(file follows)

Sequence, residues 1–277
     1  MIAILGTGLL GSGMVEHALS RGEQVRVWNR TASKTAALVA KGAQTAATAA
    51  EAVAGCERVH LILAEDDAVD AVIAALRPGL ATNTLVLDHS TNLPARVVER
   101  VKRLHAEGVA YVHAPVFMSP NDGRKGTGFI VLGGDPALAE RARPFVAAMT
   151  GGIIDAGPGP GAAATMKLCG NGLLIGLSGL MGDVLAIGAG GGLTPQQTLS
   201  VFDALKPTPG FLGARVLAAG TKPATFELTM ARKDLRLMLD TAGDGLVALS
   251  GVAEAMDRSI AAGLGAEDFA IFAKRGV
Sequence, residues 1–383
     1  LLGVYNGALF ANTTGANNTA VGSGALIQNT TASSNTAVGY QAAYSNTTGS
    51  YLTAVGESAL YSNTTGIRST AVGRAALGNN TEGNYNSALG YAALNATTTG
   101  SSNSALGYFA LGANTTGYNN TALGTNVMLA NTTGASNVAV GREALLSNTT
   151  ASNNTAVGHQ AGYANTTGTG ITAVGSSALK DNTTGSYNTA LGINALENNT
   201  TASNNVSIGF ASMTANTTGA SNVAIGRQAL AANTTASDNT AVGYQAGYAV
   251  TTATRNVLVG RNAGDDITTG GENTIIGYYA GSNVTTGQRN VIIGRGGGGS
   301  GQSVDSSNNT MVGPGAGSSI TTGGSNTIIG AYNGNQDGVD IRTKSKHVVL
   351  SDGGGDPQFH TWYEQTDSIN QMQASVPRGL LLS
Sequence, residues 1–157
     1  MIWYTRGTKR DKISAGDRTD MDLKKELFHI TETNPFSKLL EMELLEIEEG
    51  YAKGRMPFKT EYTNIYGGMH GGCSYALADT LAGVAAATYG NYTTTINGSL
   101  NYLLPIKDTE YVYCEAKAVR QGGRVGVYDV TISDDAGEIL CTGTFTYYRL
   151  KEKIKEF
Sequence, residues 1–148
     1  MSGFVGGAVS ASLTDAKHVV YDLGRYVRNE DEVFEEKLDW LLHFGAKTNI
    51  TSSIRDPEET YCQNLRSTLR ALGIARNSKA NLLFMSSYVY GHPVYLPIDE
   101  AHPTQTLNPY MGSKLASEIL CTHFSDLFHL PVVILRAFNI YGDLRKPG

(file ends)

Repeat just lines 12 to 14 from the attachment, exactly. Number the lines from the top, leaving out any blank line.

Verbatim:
   151  ASNNTAVGHQ AGYANTTGTG ITAVGSSALK DNTTGSYNTA LGINALENNT
   201  TASNNVSIGF ASMTANTTGA SNVAIGRQAL AANTTASDNT AVGYQAGYAV
   251  TTATRNVLVG RNAGDDITTG GENTIIGYYA GSNVTTGQRN VIIGRGGGGS